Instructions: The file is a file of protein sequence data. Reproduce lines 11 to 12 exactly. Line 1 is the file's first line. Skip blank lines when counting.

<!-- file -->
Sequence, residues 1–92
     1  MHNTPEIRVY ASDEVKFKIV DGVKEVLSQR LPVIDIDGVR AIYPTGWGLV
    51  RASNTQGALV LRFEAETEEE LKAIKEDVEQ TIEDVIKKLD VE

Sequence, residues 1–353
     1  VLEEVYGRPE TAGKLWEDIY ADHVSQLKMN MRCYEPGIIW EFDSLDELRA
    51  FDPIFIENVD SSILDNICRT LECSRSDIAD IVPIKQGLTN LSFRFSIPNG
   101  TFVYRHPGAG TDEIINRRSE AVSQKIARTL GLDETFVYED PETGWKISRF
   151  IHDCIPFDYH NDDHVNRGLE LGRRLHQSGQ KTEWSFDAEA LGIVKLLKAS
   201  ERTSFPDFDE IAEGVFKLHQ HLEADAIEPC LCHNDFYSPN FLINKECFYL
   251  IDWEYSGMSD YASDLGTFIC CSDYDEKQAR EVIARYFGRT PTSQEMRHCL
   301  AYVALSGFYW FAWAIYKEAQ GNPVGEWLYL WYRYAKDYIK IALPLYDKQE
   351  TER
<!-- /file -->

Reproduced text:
   301  AYVALSGFYW FAWAIYKEAQ GNPVGEWLYL WYRYAKDYIK IALPLYDKQE
   351  TER